The North East Child Poverty Commission (NECPC) has called on the Chancellor to commit to making an ambitious, joined-up plan to end child poverty ‘a central plank’ of the Government’s levelling up agenda.
Put children and young people at the heart of the levelling up agenda
In its submission to this year’s Spending Review and Autumn Budget, the regional child poverty network has welcomed the Government’s pledge to raise living standards and spread opportunity for areas like the North East – emphasising that one of the most tangible and impactful ways of doing so would be to put children and young people at the heart of the levelling up agenda, central to which must be ‘concerted, joined-up and sustained action to reduce and then end child poverty’.
Second highest level of child poverty
On the latest available figures – which do not yet take account of the impact of Covid -19, the North East has the second highest level of child poverty in the country and experienced the UK’s steepest increase in child poverty rates in the years leading into the pandemic, with 37% of all children and young people in the region growing up poor in 2019/20.
The NECPC’s submission to the Treasury stresses that it is ‘critical for the well-being and prosperity of our region – both now and in the future – that this alarming trajectory is halted and then reversed’, going on to set out the wide range of policy challenges that a cross-cutting, long-term child poverty strategy should address.
Urgent action is needed
The Commission has also urged the Chancellor to prioritise a number of issues for immediate action at this year’s Spending Review and Autumn Budget, which is due to take place on 27 October:
- Reversing the planned £20 a week cut to Universal Credit – taking effect from 6th October, this will directly impact 46% of all families with children in the North East, pushing many into significant and avoidable hardship.
- Increasing Child Benefit by at least £10 per child per week – as this vital support for families has lost a quarter of its value since 2010.
- Lifting the ‘two-child limit’ – which has been the main driver in rising poverty for children from larger families since its introduction in 2017, with particular concerns about its impact on early childhood poverty which stands at 46% in the North East.
- Expanding eligibility for free school meals – with one in four, or over 35,000, North East pupils living in poverty ineligible for this support as a result of the current narrow threshold.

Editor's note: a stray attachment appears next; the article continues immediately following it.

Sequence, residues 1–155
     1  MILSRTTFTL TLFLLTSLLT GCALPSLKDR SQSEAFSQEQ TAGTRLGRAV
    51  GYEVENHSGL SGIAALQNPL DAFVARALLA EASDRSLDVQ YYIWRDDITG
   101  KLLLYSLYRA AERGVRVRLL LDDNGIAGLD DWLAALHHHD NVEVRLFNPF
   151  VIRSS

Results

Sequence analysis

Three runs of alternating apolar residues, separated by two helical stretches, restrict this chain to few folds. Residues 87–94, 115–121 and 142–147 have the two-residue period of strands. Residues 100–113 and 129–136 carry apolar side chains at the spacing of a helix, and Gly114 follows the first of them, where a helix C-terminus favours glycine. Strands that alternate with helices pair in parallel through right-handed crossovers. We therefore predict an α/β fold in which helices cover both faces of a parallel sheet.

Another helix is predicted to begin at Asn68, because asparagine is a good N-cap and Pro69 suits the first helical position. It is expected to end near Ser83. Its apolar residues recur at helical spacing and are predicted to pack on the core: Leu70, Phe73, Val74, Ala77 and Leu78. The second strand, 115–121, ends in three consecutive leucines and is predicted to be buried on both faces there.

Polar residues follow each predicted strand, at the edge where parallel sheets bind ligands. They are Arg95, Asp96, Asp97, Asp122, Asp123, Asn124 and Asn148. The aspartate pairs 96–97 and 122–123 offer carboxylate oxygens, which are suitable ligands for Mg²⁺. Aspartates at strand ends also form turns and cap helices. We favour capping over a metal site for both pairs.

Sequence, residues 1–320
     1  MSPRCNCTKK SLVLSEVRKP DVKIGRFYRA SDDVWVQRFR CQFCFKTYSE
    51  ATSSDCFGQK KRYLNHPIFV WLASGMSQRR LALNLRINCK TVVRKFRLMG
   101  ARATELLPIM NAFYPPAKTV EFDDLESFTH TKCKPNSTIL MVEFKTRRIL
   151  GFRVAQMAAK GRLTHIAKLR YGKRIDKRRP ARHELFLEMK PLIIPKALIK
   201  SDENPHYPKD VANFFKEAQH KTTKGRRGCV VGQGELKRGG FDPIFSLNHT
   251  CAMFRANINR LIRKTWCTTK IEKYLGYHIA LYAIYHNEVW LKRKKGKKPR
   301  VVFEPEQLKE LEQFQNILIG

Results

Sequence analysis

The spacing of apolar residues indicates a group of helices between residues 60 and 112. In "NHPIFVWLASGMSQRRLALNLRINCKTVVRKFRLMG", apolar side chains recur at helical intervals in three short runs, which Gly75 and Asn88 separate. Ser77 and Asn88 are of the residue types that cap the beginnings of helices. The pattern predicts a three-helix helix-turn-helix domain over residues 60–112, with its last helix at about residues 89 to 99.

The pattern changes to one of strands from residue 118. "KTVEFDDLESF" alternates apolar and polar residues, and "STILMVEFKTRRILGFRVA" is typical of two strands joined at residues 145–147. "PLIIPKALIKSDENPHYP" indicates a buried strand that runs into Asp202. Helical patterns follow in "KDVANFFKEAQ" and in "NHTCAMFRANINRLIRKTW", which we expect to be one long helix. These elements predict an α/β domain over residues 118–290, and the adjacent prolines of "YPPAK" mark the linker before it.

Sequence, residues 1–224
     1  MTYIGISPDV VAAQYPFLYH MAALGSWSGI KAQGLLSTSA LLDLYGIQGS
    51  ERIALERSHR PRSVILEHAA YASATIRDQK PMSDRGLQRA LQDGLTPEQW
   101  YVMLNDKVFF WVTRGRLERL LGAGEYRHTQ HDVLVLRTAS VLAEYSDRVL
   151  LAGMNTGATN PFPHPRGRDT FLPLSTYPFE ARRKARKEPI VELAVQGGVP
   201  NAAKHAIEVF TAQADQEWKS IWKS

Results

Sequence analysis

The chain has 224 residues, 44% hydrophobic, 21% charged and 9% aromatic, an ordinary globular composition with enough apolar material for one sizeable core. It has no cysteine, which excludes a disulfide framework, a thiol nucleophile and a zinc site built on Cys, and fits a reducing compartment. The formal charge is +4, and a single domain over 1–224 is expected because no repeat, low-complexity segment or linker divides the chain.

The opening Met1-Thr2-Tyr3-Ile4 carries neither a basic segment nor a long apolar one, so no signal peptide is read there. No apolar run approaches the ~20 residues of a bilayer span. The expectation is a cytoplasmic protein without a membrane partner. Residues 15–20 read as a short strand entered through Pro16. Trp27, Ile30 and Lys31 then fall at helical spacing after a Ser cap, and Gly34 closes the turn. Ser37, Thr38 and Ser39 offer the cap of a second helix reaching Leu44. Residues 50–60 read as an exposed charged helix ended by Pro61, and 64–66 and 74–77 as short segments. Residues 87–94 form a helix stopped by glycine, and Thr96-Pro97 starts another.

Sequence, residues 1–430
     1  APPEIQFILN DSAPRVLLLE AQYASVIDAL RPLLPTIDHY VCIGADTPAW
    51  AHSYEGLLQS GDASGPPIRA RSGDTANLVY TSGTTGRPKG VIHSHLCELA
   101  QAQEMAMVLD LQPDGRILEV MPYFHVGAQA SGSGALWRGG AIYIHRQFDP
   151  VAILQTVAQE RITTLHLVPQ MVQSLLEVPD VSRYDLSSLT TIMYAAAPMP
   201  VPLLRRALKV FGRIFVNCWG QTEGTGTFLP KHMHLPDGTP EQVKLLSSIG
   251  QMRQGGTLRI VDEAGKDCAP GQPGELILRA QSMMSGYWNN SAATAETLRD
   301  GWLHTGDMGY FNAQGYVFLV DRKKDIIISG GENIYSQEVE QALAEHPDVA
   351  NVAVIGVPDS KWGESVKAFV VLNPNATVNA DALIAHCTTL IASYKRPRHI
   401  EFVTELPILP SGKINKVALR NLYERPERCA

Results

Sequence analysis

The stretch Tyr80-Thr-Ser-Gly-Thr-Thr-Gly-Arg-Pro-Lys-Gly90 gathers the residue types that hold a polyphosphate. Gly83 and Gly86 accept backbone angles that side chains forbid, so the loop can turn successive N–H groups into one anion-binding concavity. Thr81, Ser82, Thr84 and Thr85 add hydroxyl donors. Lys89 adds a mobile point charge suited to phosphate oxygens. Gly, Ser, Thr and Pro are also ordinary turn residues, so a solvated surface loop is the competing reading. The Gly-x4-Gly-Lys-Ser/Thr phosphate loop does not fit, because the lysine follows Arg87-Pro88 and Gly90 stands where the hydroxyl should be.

- Making a long-term investment in the Holiday Activities & Food scheme – building on this year’s welcome funding to ensure the programme is available every year in all parts of the North East.
- Providing dedicated long-term funding for local welfare assistance schemes – to ensure local authorities are properly funded to provide support to families facing unexpected financial crises or hardship beyond the pandemic.
North East Child Poverty Commission Director, Amanda Bailey, said:
“More than one in three children in the North East are growing up in the grip of poverty, having their opportunities and ability to fulfil their potential severely limited as a result.
“The single most important step the Government could take to achieve its levelling up objectives in our region is to put investing in children and young people – including with an ambitious, joined-up child poverty plan – at the heart of this agenda.
“The Chancellor must make this commitment at this month’s Spending Review and Autumn Budget, starting by reversing the planned £20 a week reduction to Universal Credit.
“A strong social security system should both prevent and reduce poverty, but this cut will result in significant, avoidable hardship for thousands of families across our region – both in and out of work – whilst taking over £5 million a week out of the North East economy.
“This is totally incompatible with the Government’s commitment to levelling up, and it is inconceivable that this will take place when families are already facing rising bills and a National Insurance increase.”
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